ISLAMABAD, Pakistan | Pakistan’s top court struck down an amnesty Wednesday that had protected the president from corruption charges, paving the way for challenges to his shaky rule just as the U.S. wants Islamabad to step up its fight against Islamic militants.
The main opposition party immediately called on President Asif Ali Zardari to resign, adding to the political turmoil in this nuclear-armed nation at a time of surging violence by the Taliban and al Qaeda. The U.S.-backed president already is deeply unpopular and under pressure to give up much of his power.
The decision, which was widely expected, also leaves thousands of other officials - including Cabinet ministers and bureaucrats loyal to Mr. Zardari who had also been shielded by the amnesty - vulnerable to reopened corruption and other criminal cases.
“All the benefits given under the [amnesty] - cases withdrawn, acquittals made - are declared void,” Chief Justice Iftikhar Muhammad Chaudhry said in announcing the ruling of the 17-member bench.
Presidential aides said the government would issue a formal response after thoroughly reviewing the judgment. They pointed out that while he remains president, Mr. Zardari has immunity from prosecution.
The main opposition party, the Pakistan Muslim League-Nawaz (PML-N), said Mr. Zardari should step down, although it insisted that it was not agitating for midterm elections nearly two years after Mr. Zardari’s party won the majority in parliament.
“After the court ruling, Asif Ali Zardari should morally step down,” said Sadiqul Farooq, a PML-N spokesman.
Zardari aides scoffed at the notion.
“The president of Pakistan has no intention of stepping down from his office at this point or anytime in the future,” spokeswoman Farahnaz Ispahani said. “There is no constitutional or political reason for the president to resign.”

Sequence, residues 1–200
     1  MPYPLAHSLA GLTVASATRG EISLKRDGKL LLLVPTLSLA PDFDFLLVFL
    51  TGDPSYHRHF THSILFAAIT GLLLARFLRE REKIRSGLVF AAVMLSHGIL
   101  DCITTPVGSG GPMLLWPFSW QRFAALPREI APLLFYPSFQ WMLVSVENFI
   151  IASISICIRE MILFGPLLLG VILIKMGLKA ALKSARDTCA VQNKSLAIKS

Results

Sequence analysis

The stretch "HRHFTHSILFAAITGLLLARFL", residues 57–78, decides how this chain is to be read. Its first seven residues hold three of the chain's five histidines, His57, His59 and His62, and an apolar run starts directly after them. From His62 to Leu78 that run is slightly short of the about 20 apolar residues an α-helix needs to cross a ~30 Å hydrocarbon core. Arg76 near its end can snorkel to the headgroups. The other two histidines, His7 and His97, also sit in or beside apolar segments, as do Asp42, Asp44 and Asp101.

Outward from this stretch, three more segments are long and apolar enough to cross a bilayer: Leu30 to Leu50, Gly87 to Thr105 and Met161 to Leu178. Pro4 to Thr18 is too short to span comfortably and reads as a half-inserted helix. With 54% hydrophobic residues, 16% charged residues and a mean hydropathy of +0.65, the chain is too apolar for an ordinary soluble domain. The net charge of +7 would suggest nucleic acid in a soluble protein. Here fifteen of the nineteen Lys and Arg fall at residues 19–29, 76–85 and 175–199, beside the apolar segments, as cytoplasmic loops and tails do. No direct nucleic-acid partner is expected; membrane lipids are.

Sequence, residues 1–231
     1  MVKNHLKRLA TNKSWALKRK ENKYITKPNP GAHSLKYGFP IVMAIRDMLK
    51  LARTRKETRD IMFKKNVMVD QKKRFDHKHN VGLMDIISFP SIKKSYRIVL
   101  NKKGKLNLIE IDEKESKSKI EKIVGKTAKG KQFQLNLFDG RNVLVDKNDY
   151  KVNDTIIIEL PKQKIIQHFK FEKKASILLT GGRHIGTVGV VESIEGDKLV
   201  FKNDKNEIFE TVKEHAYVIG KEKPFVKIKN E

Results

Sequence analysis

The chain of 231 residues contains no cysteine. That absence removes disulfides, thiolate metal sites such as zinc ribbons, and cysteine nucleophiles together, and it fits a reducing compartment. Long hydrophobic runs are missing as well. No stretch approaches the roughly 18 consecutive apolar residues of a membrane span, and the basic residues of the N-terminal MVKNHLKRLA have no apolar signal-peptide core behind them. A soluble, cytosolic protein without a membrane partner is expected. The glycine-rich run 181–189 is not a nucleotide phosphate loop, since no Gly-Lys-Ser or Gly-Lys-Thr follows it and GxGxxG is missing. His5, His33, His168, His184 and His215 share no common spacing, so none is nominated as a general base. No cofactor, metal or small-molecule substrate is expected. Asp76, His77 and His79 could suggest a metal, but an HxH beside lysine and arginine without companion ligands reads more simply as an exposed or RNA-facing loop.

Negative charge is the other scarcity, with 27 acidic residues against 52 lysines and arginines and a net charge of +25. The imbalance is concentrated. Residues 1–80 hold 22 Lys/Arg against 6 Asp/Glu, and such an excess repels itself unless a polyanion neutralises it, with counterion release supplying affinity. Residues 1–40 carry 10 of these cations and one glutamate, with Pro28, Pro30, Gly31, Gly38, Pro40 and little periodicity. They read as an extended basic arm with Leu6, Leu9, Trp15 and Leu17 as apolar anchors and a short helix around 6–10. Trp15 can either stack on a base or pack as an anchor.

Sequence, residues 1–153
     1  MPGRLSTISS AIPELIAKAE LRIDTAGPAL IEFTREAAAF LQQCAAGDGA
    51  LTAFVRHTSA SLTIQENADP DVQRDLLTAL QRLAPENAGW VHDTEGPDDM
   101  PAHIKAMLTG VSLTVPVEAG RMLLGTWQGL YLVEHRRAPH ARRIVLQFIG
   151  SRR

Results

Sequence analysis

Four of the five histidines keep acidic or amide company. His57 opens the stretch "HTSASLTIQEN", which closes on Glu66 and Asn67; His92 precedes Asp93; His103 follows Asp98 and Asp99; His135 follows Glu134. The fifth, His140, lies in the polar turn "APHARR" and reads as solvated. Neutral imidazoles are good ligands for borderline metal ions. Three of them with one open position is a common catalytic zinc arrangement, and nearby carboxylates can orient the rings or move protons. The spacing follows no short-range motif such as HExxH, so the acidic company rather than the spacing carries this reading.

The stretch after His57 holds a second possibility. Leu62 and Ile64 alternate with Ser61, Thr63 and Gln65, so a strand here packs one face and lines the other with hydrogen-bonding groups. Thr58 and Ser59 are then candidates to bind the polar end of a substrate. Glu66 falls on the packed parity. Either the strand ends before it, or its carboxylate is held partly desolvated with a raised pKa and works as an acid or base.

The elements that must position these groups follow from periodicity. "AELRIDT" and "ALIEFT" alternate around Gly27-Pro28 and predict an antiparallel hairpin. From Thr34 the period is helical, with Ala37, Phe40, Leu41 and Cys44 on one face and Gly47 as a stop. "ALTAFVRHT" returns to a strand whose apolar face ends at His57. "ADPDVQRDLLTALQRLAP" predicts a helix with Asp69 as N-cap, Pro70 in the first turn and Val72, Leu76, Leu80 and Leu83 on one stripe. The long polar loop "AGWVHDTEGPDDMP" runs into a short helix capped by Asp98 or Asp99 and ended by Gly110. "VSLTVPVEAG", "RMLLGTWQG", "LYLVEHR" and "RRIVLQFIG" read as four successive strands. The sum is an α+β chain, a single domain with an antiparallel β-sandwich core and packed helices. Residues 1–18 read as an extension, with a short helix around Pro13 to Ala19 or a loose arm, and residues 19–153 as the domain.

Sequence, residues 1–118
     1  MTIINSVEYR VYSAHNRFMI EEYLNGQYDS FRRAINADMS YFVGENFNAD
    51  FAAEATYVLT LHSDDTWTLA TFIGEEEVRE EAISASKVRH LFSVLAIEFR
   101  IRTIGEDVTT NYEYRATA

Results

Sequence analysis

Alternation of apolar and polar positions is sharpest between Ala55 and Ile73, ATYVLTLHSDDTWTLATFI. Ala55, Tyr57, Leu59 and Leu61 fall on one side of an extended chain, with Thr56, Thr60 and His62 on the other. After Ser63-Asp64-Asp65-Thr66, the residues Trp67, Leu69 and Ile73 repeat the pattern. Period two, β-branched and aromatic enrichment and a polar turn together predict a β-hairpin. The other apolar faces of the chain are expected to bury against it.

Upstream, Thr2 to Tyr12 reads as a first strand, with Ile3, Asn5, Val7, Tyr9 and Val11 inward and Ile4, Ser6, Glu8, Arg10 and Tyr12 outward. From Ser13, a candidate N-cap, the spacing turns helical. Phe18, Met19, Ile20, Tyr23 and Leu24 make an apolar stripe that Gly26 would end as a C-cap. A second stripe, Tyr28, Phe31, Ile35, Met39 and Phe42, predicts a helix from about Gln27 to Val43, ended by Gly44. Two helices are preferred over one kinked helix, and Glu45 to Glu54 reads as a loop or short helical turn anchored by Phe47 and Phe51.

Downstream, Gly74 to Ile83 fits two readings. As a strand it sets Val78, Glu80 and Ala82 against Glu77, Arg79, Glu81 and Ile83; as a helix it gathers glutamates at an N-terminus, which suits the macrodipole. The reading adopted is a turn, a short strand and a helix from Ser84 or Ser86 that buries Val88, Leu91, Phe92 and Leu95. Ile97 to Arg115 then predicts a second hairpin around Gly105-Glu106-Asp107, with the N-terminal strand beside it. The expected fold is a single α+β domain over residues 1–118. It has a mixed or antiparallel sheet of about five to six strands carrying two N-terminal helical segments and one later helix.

The amnesty was part of a U.S.-brokered deal with former military ruler Pervez Musharraf that paved the way for former Prime Minister Benazir Bhutto to return home from self-exile and take part in politics without facing cases her party says were politically motivated. Mr. Zardari, Mrs. Bhutto’s husband, took control of the party after she was assassinated in 2007.
The amnesty, known as the National Reconciliation Ordinance, had angered some civil rights activists and ordinary Pakistanis who said it protected the wealthy elite who govern the impoverished, corruption-plagued nation from being punished for their purported crimes.
Despite his immunity from prosecution, Mr. Zardari’s opponents are now expected to challenge his eligibility for the post, arguing that if it were not for the amnesty, he would not have been able to run for president.
Mr. Zardari has long been haunted by corruption allegations dating back to governments led by his wife. He spent several years in prison under previous administrations. He denies any wrongdoing.
The amnesty had been protecting Mr. Zardari from six graft cases dating to the late 1990s. One alleges that he misappropriated $1.5 billion.
The court singled out a money laundering case involving Mr. Zardari and his wife that had been heard in a Swiss court until the attorney general under Mr. Musharraf withdrew proceedings against them as a result of the amnesty. Justice Chaudhry said this was illegal and ordered the government to ask Swiss authorities to reopen the case.
Earlier this year, Mr. Zardari gave in to street protests and reinstated Justice Chaudhry as the chief justice after he was fired by Mr. Musharraf.
Ever since Mr. Zardari took over the presidency in September 2008, the opposition has demanded he give up sweeping powers he inherited from Mr. Musharraf. A few weeks ago, amid mounting pressure, Mr. Zardari relinquished command of the country’s nuclear arsenal and said he would give up more powers soon.